Controversy has ensued following confirmation that a skeleton found beneath a public parking lot in Leicestershire, England, are indeed the mortal remains of the much-maligned King Richard III. Questions have arisen as to the appropriate ritual to be used for the monarch’s re-burial.
England: Controversy over re-burial of King Richard III
Archaeologists have conclude that "beyond reasonable doubt" that the skeleton, which showed evidence of an abnormal lateral curvature of the spine, belongs to Richard III. Researchers at the University of Leicestershire are thrilled. Jo Appleby, a bone analyst, said a study of the remains provided "a highly convincing case for identification of Richard III.” She said that the skeleton was of an unusually slender adult male, which is in keeping with contemporary accounts that Richard III was of a slim, almost feminine, build.
(Car park and site of the Richard III dig)
Further proof was lent by DNA samples taken from Canadian Michael Ibsen, a direct descendant of Richard’s sister, Anne of York. Dr. Turi King, the project geneticist, said of the proof that there is a DNA match between the maternal DNA from the descendants of the family of Richard III and the skeletal remains found at the Greyfriars dig. Greyfriars was a Catholic monastery in Leicester that was obliterated after centuries, then later paved over.
Richard’s skeleton was found with an arrow head in the back and severe trauma to the skull. The historical record shows that the long-lost church was the unlucky king’s burial site, following his brutal death in the Battle of Bosworth Field in 1485. His brief reign is now considered to have been liberalizing: during his reign, the right to bail and a lifting of restrictions on books and printing presses were introduced. He was the last of the Plantagenet kings, being supplanted by the Tudors of Wales and thus ending the bloody and fractious War of the Roses over supremacy of England and Wales.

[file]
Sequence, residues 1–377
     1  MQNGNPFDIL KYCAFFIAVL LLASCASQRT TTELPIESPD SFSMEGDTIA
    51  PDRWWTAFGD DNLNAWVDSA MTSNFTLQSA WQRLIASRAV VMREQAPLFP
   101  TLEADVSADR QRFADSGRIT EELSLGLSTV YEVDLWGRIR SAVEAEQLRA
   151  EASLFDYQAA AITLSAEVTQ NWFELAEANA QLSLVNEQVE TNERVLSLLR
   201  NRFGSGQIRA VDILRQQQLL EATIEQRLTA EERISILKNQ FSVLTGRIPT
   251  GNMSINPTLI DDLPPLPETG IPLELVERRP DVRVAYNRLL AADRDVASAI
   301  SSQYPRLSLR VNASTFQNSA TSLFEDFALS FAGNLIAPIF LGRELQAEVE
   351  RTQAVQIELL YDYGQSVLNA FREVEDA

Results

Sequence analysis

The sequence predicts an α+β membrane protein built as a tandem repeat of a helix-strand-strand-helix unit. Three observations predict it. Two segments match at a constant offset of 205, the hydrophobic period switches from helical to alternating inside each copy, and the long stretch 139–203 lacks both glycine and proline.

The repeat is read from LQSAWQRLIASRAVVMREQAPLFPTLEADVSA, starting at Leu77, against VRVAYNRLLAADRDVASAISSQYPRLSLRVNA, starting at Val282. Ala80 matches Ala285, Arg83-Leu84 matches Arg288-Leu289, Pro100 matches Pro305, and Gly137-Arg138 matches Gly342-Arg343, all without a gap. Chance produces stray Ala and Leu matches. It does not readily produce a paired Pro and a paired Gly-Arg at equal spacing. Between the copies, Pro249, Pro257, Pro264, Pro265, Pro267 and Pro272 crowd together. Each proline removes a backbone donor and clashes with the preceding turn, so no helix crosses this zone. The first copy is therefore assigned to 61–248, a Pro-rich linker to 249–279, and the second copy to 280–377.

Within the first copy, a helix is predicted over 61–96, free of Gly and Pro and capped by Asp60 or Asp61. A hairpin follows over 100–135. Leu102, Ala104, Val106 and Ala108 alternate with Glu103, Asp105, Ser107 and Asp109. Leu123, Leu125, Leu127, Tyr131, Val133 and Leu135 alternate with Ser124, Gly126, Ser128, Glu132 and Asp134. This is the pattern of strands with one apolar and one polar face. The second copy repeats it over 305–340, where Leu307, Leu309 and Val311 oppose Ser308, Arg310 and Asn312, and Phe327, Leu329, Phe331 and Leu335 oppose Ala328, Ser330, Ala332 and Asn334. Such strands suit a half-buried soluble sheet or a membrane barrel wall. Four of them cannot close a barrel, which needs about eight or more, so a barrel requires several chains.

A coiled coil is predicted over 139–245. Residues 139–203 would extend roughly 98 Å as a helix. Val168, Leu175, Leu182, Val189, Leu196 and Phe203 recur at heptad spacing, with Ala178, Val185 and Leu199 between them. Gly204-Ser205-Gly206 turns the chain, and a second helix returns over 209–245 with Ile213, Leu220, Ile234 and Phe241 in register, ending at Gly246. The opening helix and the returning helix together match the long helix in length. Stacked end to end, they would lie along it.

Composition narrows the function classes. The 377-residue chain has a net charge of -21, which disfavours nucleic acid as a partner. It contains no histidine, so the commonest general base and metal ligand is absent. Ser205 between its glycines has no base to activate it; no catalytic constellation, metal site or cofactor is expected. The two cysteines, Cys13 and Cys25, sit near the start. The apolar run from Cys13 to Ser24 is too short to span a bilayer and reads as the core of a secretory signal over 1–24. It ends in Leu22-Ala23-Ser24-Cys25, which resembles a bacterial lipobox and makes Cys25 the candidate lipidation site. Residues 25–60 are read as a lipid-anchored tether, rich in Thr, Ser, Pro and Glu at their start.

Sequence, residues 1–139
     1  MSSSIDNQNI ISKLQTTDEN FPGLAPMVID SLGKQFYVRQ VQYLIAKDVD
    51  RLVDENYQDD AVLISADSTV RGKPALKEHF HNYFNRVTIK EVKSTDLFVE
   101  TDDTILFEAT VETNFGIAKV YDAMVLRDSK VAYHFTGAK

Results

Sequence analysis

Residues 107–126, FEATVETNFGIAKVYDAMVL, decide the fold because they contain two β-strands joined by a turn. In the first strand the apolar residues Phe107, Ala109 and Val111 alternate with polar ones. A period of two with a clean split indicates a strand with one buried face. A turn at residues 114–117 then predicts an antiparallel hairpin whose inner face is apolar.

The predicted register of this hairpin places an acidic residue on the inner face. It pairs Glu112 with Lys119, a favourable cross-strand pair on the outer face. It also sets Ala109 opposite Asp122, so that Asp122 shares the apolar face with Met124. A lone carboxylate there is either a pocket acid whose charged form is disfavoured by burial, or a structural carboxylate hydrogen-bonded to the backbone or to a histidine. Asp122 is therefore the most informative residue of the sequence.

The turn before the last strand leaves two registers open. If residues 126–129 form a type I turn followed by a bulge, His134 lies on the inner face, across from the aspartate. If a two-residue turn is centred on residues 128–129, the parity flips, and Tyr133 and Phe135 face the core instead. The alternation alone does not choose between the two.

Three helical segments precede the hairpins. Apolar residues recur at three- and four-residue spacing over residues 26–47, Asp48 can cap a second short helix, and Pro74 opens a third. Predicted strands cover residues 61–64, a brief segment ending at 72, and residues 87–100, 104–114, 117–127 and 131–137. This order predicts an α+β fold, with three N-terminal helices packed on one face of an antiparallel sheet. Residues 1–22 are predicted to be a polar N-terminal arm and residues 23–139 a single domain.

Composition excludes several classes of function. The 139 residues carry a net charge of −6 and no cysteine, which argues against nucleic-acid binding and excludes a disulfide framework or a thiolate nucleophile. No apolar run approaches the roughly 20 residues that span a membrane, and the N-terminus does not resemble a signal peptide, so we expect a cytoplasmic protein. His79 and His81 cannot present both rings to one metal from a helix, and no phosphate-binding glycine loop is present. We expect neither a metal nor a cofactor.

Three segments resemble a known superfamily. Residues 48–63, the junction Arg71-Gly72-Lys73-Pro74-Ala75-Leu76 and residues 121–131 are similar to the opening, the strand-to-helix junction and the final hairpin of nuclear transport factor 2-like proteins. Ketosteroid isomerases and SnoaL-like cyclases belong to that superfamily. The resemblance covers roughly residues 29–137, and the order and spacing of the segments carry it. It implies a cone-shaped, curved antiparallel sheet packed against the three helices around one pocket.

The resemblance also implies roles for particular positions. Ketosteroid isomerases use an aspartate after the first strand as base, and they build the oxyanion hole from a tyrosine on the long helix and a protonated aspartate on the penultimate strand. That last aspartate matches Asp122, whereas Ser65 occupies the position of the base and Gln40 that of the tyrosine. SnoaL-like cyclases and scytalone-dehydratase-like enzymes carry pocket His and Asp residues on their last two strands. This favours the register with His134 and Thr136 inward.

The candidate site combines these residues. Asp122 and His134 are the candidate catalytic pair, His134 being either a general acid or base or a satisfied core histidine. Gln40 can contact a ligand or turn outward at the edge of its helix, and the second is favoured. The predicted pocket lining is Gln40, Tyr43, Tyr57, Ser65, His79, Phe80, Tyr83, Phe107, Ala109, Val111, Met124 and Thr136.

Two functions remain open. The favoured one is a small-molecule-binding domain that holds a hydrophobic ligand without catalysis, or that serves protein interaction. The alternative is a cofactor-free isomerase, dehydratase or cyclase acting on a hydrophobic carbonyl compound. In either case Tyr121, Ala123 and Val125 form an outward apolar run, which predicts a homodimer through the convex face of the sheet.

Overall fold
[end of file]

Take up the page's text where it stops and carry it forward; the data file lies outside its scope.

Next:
Plans are afoot for the the remains to be reinterred at Leicester Cathedral, which is an Anglican place of worship.
A blog by an English Catholic, A Reluctant Sinner, is calling for Richard’s re-burial according to the rites of the Roman Catholic Church, of which the king was a member. The Church of England, or Anglican Church, had yet to be established at the time of his death. This would not take place until the latter 1500s when a Tudor king – Henry VIII – broke with the Catholic communion to establish a new sect.
The blog said of the possibility of re-burial of King Richard in an Anglican church according to Anglican rites, “Needless to say, such a thing would, at best, be distasteful or disrespectful – especially seeing that Richard himself was a devout Catholic, especially towards the end of his life -- despite any grave wrongs he may have been responsible for.”
It added, “It is also well worth nothing that Richard III was defeated on Bosworth Field (1485) by the man who then became Henry VII (Henry Tudor), father of Henry VIII – the one who ‘broke with Rome’ and effectively began the process that saw England become Protestant.”
There is an official petition at a British government website where British subjects and residents of the United Kingdom can voice their desire to have King Richard reinterred according to the rites and customs of the Roman Catholic Church. Thomas McLean, who initiated the petition, wrote of the issue, “…it seems wholly inappropriate and disrespectful to bury the former Monarch in the grounds of a church of which he was never a member and which was created by the son of the man responsible for his death and ignominious burial. I am not petitioning on religious or sectarian grounds but I believe the dead of any persuasion have a right to be interred in a place appropriate to their beliefs.”
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